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Sex Life of the Gods, The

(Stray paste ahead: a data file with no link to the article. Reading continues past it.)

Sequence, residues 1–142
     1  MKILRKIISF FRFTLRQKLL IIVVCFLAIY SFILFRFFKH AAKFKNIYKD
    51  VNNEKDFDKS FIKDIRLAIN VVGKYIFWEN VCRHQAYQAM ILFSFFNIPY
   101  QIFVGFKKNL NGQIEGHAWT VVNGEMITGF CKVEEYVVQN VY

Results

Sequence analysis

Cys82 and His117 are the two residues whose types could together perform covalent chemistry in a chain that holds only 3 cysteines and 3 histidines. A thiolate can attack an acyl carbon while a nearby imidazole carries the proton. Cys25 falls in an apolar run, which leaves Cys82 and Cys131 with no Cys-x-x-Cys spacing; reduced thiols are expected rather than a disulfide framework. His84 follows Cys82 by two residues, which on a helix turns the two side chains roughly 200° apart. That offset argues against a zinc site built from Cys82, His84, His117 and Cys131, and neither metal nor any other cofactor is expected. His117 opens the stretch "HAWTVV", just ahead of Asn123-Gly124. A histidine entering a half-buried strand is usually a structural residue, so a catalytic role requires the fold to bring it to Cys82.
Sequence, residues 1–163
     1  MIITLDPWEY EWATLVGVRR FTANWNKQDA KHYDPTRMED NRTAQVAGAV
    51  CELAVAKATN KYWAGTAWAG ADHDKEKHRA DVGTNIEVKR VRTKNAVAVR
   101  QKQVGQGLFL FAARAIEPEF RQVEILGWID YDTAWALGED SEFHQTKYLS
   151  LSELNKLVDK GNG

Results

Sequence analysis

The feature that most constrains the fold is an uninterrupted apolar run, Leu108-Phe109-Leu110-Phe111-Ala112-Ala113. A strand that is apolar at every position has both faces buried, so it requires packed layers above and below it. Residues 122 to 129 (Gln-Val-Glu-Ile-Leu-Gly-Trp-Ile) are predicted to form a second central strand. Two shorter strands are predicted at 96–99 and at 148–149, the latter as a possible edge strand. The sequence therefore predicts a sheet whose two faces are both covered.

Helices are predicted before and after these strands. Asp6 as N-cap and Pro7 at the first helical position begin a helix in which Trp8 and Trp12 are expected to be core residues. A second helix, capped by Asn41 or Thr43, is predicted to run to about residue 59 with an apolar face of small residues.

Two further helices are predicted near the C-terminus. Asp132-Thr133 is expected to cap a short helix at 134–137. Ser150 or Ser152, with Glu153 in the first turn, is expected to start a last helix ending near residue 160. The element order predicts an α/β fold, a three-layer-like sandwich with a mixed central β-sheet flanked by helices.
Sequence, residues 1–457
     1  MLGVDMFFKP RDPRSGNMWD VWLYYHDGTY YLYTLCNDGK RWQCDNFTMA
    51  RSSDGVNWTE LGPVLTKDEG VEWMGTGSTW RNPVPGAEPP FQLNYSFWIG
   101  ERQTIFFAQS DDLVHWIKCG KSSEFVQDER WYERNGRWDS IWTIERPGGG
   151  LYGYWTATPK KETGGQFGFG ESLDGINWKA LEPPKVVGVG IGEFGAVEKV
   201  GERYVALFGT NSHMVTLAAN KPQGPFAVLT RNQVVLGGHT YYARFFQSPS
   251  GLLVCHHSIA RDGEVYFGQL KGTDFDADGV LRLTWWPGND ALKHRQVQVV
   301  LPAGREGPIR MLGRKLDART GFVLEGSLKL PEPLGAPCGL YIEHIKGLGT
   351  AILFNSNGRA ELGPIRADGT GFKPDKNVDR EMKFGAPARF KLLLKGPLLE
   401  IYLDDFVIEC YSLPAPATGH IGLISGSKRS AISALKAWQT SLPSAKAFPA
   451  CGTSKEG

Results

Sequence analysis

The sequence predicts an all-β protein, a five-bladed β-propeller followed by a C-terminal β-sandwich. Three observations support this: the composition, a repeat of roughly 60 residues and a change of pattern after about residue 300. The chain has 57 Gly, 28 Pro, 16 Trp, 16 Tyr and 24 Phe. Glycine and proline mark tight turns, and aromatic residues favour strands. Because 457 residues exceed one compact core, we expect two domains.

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<h2 title="Chapter Nine"><SPAN name="p80" id="p80"></SPAN><span class="pagenum"><span class="ns">[p</span>80<span class="ns">]<br /></span></span>CHAPTER NINE</h2> <p>“Russian?” Brice asked, looking at Sam Morgan.</p> <p>The dark complected Fed pulled the mangled cigar from his mouth and pointed it toward the twisted wreckage. On the far side, Cartwell and Dickson were looking it over.</p> <p>“Why not?” Morgan asked.</p> <p>“It seems outlandish, somehow.”</p> <p>Morgan grinned, his peg-like teeth flashing. “You small town cops are good. I won’t take that from you. But you look at everything from a local viewpoint. In our business, you broaden, you might say.</p> <p>“Look at the facts, Nolan. The Defense boys spotted the thing up north. Radar locked on it and gave it a speed of over two thousand miles per. So it crashes and we find no wings, no tail assembly ... and I have the hunch that the damned<!-- TN: original reads 'damed' --> thing ran on nuclear power.”</p> <p>“Atomic?” Nolan whispered, amazed. While the Federal cop talked about nuclear power and fantastic speeds, all Brice could think of was the watch he’d found at the scene. How the hell could an artist learn to pilot a thing like that in a mere thirteen months, and what the hell was behind it all. “You mean, atomic power?”</p> <p>Morgan nodded. “See that funnel<!-- TN: no hyphen in original --> shaped gismo over there, with the round ball-like affair?” He was pointing to what was probably the tail of the ship, at least it was not the section that had absorbed the smash into the ground.</p> <p>Nolan nodded.</p> <p>“That’s a nuclear reactor,<!-- TN: original has period -->” Sam went on. <SPAN name="p81" id="p81"></SPAN><span class="pagenum"><span class="ns">[p</span>81<span class="ns">] </span></span>“Uncle Sam doesn’t have anything in the air with that kind of power. I think we’re testing a few engines, but nothing flying yet.”</p> <p>“Then it is Russian?”</p> <p>“That’s my guess. No other country would build it. Oh, Great Britain could, but if it was one of theirs, they would have plastered the red and blue targets on it. Offhand, it looks to me like a glorified version of the old U-2 thing, only on their side.”</p> <p>Brice didn’t answer. He stared at the wreckage as though it were some sort of demon, while a million thoughts burst in his brain. Nick Danson was in this? He flew it? Where did he get it? How did he get it? Was it Russian? Was Nick a Russian spy?</p> <p>He tried to cover the amazement on his face by lighting a cigarette. “How come it didn’t develop into a pint sized Hiroshima, if it has atomic power in it?”</p> <p>Morgan grinned at him, as though he was a kid. “I said it was powered by atomic energy, not atomic bombs. There’s a kind of difference in...”</p> <p>“Hey, Sam! C’mere!”</p> <p>Both of the men turned to look across the twisted mass of wreckage to where Cartwell and Dickson were standing. The blond Fed was holding up a piece of the wreckage and his face glowed with excitement that he didn’t try to cover.</p> <p>“C’mon, Nolan,” Sam grinned. “Let’s go see what my buddy dug up ... I’ll bet its a Russian manufacturer’s trade mark<!-- TN: two words in original -->.”</p> <p>They skirted the wreck and trotted up to where Cartwell stood with the piece of metal. “Russian, huh?” asked<!-- TN: original reads 'Asked' --> Sam.</p> <p><SPAN name="p82" id="p82"></SPAN><span class="pagenum"><span class="ns">[p</span>82<span class="ns">]<br /></span></span>“Russian, hell,” Cartwell snorted. “It looks like a cross between Chinese and Arabic.”</p> <p>Sam took the piece and looked at it, the cigar clamped belligerently in his jaws. After a tense moment, he grunted noncommittally and passed the thing to Nolan Brice.</p> <p>He knew nothing of Russian, Chinese or Arabic, but he knew what Chinese characters looked like. The imprinted marks on the metal bore a certain resemblance to the Chinese language, but yet were not the same. It consisted of strange marks that were like nothing Brice had ever seen before.</p> <p>“There are similar markings on the control panel,” Dickson said into the silence.</p> <p>“Crap,” Sam Morgan snorted. “I say Russian. How about you, partner?”</p> <p>Cartwell furled his blond brows. “I think I’d rather let an expert look this piece over before I make any kind of guess as to where that wreck flew from.” He turned to Nolan. “Where can we find an expert, Brice?”</p> <p>“Everett College would be the only place I know of.”</p> <p>“Okay, we’ll give them a try. Where’s Lieutenant Peters?”</p> <p>Morgan jerked a thumb over his shoulder toward the other side of the clearing. “Over there,” he said, “dressing down one of his Weekend Warriors.”</p> <p>“Sam. How about going over and remind him to keep any characters off the site. I have a horror of having the news boys scoop us on this.”</p> <p>Sam nodded and took off to talk with the Army. Dickson looked at Cartwell.</p> <p>“Anything for me?” he<!-- TN: original reads 'He' --> asked.</p> <p><SPAN name="p83" id="p83"></SPAN><span class="pagenum"><span class="ns">[p</span>83<span class="ns">]<br /></span></span>“No. Just continue with your investigators. You can make the arrangements about having this thing hauled down to Everett, but check with me before you do. Okay?”</p> <p>Dickson nodded.</p> <p>“C’mon, Brice,” Cartwell said. “Let’s get Morgan and find out what the college professors can tell us about this screwy thing.”</p> <p>They wrapped the piece of metal in Cartwell’s jacket and the three of them headed through the forest toward the road in the valley.</p> <p class="tb">&nbsp;</p> <p>Professor Nichols was a wisp of a man who peered at them through small, bright eyes nearly hidden in fleshy folds. Although his body was about the shortest Brice had ever seen on a man, the brain beneath his crop of white hair had made him a giant. A linguist all his life, Professor Nichols spoke a dozen languages fluently, in addition to reading and writing them. Brice knew him by reputation and grinned at him as he came into the empty Dean’s office.</p> <p>“Gentlemen?” He favored them with a smile. “I’m Nichols. Doctor Bendtolz said you wanted to speak with me.”</p> <p>Brice introduced himself and the Federal men and, after a round of handshaking, Cartwell handed the chunk of metal to the professor.</p> <p>“We’d like to know about the writing, Professor,” Sam put in.</p> <p>Nichols examined the etching on the metal for some time before he looked up. His small eyes searched their faces in turn, then he smiled thinly as though witnessing a very bad gag.</p> <p>“Are you gentlemen playing some sort of joke?” he<!-- TN: original reads 'He' --> asked.</p> <p><SPAN name="p84" id="p84"></SPAN><span class="pagenum"><span class="ns">[p</span>84<span class="ns">]<br /></span></span>“The Government doesn’t pay us to play jokes,” Cartwell informed him cryptically. “Do you know the language?”</p> <p>Professor Nichols shook his head. “I know every spoken language in the world, and I know many of the dead languages at least by sight. I don’t know this one.”</p> <p>“You’re serious?”</p> <p>The old man nodded. “This must be some sort of jest on me. There is no language on Earth, dead or alive, that matches this.”</p> <p>“We aren’t joking, Professor,” Nolan said seriously.</p> <p>“Then, my friend, someone must be playing a joke on you. No linguist can identify this language. I’ll stake my reputation on that. Where did you get this?”</p> <p>Cartwell smiled. “I’m sorry, professor, but we cannot disclose that information. We’ll also have to ask you to forget about it. Government business, you know.”</p> <p>“Yes, of course. Is there anything else? I have a class in three minutes...”</p> <p>“No, that’s all. Thank you, Professor Nichols.”</p> <p>“You’re welcome. Good day, gentlemen.”</p> <p>As the door closed behind him, a thick silence fell over the three men. Cartwell looked out the window and pulled at his lower lip with a blunt thumb and forefinger; Nolan sat on the edge of a desk, looking at the strange writing as an ethnologist might stare at the bones of the missing link.</p> <p>“What now?” Sam asked, softly. “Call in a Martian to get his opinion?”</p> <p>“It’s not funny, Sam.”</p> <p>“Don’t I know it,” Sam shot back. “We’ve got <SPAN name="p85" id="p85"></SPAN><span class="pagenum"><span class="ns">[p</span>85<span class="ns">] </span></span>some kind of tiger by the tail in this case ... a tiger bigger than the Kremlin, and I’m wondering how this will all sound in a report to the capital.”</p> <p>Cartwell snorted and ran a hand through his blond hair. “I’ll let you write the report, Sam.<!-- TN: original lacks period -->”</p> <p>“You go to hell. I like my job and I don’t want to get booted out because of a science fiction twist on an otherwise normal investigation.”</p> <p>“What’s the next move?” Nolan asked, trying to ignore the sinking feeling in his stomach.</p> <p>Cartwell shrugged. “Go back to the wreck, I guess and try to figure out something.”</p> <p>Sam suddenly slammed his fist on the table and several textbooks danced. “John,” he exploded. “You <em>know</em> what this means, don’t you? If the professor’s right, and this gibberish on this chunk of metal <em>isn’t</em> an Earth language, then we got problems! You know what we got up there? We got a Flying Saucer! A space ship!”</p> <p>“Oh, my God, Sam cut it out! I don’t believe in the damned things, I refuse to.”</p> <p>Sam snickered. “It looks to me as though you haven’t any choice in the matter. It’s like refusing to believe in a Ford V-8; it don’t make any difference whether you believe it or not, it’s there.”</p> <p>“Jesus,” Cartwell said softly.</p> <p>“And that isn’t the payoff. We didn’t find a body in the wreckage. Unless that ship traveled by remote control, it had a pilot who is wandering around the country right now. I can see it now. A wounded little green man running around trying to hitch a ride back to Mars. It’d be funny if it wasn’t so damned serious.”</p> <p>Cartwell nodded at his partner. “We’d better get back up there to the site. Maybe the air <SPAN name="p86" id="p86"></SPAN><span class="pagenum"><span class="ns">[p</span>86<span class="ns">] </span></span>search or the rescue squads picked something up. Coming, Brice?”</p> <p>Nolan forced a grin. “With little green men running around?” Then he became serious. “I’ll be up a little later. I have something to do down here.”</p> <p>Morgan snorted as they headed for the door. “See if you can locate a Buck Rogers ray gun. We might need it.”</p> <p>They went back to their cars and Nolan Brice wedged himself behind the wheel but he didn’t start the engine. He sat there, instead, watching the Government men drive off down the street, his mind whirling with a million jangling thoughts that tore through him viciously. Flying saucers, Martians, little green men! The whole damned thing was impossible, ridiculous...</p> <p>But true. A man just couldn’t sit down and say “I refuse to believe in lightning.” It didn’t make sense. You had to believe what your mind told you ... and his mind was telling him wild things.</p> <p>It all fit. Hell, it fit with a perfection that was absolutely fantastic, but crazy enough to be the truth. Nick Danson, commercial artist, disappeared thirteen months ago and every police agency in the country can’t locate him. It was as if the earth had opened and swallowed him; but it hadn’t been the earth, it had been the sky. <em>They</em> had done it ... the Martians, or whatever the hell they were.</p> <p>Why? Why steal a Terran?</p> <p>To replace him? To send an alien being down to take the place of the Terran they had stolen. That took care of the confusion the watch had represented. For awhile it had looked as though Nick had piloted that space ship, but now Nolan <SPAN name="p87" id="p87"></SPAN><span class="pagenum"><span class="ns">[p</span>87<span class="ns">] </span></span>knew better. It wasn’t Nick. It was an alien!</p> <p>Beth!</p> <p>Had an alien, posing as Nick, located Beth and was now engaged in using her to help in whatever they had come here to do? How many other Missing Persons cases were wrapped up in this thing? How many aliens were walking the streets of earth right now? To hell with that, Nolan, he roared at himself. The important thing is Beth. You’ve got to find out about this thing and stop it, before something happens to her.</p> <p>He started the car, slammed it into gear and gunned it out onto the street, the tires screaming a protest...</p> </div> <div class="chapter">